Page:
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Rev’d Sissons’ Thought for the Day: March 27
March 27, 2020

Thought for the Day: Friday, March 27

I’m beginning to think I should rename this series ‘Tales from the Madhouse.’

You know exactly what I mean – because isn’t it simply extraordinary how bizarre things begin to happen when you are cooped up together with your family.

The other day my younger son opened a packet of couscous, only he didn’t really open it, he sort of split it down the side. Wikipedia informs me that the original name couscous may be derived from the Berber word seksu, meaning “well rounded”.

I can well believe this to be true because if you split open a bag of couscous in your kitchen then you will be amazed how far the tiny balls of durum wheat semolina can travel. Two days later and we’re still finding the little devils all over the house.

And then yesterday I took social distancing to a new level – at least this was how my elder son described it, when he discovered that I was stuck inside the garden shed.

There’s some background you need to know here, because it was that same elder son who the day before broke off in the padlock the only key to the shed; this being the shed where every tool I possess is stored; the kind of tools that might be useful for opening up a shed when the only key you have has broken in the lock.

You can see from the photo that I prised off the plywood board that had long covered up one of the broken glass door panels and, in what was, in my opinion, a rather remarkable display of agility, managed to manoeuvre my way into the shed through the lower panel (when nobody was looking!).

Sadly a similar exit was not available to me, the garden level being at least 18 inches lower than the shed floor level; so there I was ringing my son (who was naturally inside the house on his X Box) since now I had access to all my tools, but from inside the shed couldn’t do a thing with them.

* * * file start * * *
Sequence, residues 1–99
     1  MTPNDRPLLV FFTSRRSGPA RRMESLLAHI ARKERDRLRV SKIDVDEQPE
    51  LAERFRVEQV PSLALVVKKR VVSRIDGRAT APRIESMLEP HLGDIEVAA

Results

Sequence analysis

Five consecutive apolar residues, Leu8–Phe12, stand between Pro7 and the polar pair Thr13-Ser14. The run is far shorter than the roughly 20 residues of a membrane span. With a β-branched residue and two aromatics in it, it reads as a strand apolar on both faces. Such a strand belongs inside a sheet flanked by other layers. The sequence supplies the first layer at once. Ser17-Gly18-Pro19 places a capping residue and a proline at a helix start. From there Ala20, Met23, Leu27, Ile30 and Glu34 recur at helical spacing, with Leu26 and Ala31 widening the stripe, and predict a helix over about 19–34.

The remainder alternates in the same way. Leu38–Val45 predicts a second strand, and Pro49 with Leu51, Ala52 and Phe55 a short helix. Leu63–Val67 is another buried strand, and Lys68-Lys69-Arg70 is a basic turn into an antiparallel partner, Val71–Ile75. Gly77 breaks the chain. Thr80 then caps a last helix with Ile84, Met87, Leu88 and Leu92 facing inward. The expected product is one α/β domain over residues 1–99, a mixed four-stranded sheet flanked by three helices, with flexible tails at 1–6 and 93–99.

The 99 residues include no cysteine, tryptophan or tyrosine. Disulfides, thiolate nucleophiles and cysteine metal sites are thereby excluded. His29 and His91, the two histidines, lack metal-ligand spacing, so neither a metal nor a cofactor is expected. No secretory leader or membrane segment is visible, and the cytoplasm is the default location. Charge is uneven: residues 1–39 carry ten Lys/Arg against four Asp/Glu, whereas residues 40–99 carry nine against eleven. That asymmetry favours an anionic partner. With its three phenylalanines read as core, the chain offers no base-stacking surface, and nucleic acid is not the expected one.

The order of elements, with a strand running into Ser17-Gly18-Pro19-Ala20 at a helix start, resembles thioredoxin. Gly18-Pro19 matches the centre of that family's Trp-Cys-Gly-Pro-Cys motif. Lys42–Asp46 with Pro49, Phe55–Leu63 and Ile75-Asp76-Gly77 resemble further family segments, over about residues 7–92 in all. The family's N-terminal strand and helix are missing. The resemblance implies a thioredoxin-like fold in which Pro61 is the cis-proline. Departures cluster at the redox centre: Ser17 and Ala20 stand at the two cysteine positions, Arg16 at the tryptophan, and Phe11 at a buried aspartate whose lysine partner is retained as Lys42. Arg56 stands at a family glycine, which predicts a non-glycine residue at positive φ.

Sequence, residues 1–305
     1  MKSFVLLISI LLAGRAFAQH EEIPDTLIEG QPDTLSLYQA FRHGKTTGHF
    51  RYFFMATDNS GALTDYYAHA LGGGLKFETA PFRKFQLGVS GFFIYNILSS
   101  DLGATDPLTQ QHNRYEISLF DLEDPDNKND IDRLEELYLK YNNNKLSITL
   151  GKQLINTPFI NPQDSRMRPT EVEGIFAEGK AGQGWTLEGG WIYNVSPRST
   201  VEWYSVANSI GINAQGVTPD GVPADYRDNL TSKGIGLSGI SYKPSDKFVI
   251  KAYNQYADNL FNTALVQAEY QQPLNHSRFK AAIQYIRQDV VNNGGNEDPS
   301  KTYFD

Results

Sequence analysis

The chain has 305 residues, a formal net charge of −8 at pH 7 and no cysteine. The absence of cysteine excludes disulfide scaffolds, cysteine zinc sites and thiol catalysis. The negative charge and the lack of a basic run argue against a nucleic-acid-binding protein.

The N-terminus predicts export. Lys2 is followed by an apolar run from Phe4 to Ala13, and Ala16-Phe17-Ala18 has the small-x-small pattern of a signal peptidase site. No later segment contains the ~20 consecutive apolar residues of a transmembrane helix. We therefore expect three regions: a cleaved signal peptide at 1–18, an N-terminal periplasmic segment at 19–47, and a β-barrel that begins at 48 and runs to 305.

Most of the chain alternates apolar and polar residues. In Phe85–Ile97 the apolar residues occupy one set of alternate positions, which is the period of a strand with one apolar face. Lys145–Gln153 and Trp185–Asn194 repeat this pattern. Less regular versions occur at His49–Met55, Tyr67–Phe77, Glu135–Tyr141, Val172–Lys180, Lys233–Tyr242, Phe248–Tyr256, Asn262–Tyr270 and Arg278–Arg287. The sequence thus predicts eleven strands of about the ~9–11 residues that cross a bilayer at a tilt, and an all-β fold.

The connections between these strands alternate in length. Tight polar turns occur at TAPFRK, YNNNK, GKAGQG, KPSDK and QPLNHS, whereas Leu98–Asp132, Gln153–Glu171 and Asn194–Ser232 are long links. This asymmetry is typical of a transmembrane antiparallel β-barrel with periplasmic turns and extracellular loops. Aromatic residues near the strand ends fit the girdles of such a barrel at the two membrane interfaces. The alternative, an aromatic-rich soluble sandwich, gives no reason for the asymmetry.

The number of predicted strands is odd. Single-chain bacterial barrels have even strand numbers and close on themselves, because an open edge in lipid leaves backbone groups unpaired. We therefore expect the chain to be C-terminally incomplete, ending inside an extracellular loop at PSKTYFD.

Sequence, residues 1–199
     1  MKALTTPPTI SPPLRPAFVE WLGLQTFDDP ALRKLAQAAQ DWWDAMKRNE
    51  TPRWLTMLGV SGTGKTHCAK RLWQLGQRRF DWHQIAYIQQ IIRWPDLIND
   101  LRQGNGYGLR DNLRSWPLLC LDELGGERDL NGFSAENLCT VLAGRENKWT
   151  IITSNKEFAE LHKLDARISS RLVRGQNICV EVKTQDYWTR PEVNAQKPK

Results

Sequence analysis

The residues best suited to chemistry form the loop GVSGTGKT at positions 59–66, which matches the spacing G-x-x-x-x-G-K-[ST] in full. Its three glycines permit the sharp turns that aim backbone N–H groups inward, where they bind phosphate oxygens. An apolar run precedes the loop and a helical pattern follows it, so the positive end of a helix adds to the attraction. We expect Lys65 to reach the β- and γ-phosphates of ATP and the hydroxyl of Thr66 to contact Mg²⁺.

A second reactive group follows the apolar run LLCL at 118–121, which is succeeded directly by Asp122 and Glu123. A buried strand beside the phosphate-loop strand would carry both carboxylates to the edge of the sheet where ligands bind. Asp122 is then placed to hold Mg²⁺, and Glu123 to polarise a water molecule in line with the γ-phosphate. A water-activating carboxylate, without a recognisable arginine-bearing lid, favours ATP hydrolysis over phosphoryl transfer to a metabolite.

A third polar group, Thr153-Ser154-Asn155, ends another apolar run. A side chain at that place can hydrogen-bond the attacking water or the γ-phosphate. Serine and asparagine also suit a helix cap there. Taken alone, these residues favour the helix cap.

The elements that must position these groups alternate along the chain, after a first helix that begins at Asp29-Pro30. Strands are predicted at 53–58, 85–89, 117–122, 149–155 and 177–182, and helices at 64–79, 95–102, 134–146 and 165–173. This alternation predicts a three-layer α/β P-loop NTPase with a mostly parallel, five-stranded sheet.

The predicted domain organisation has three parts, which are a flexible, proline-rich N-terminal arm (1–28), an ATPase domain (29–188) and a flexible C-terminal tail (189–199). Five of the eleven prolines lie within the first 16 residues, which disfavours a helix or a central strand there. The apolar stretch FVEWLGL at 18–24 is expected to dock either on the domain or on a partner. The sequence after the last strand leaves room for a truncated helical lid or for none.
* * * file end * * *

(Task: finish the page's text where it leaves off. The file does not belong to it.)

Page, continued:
My son, of course, didn’t answer his phone (how is it that they always have their phones with them but when you actually want them to answer them they just don’t hear them ringing?) so I rang my wife on her work phone and as she was working from home anyway she kicked elder son out into the garden to rescue his father.

Well eventually, after 30 minutes or so (which probably reflected the parlous state of my toolbox), we manhandled the latch off its screws and I was free at last. Don’t ask me what I went out to the shed for originally – I can no longer remember.

So what’s the point? – this is a Thought for the Day after all. Well it’s simply this: it was a very funny thing to happen; we chuckled at how ridiculous it was that at a time when we were told to self-isolate in our homes I had somehow got myself self-isolated in the garden shed.

Was I cross with my elder son? A bit when he broke the shed key and a bit when he didn’t answer his phone. But did I laugh – yes, a lot. And will I dine out on the story in the future – absolutely.

This virus lockdown is no laughing matter, of course, for people on the frontline and for those suffering from the illness. But I’ve learnt again that humour is a wonderful tool for coping with life, for healing hurts and for getting us through, so may I wish you many of your own daft yet happy moments in the weeks to come.

The Chaplain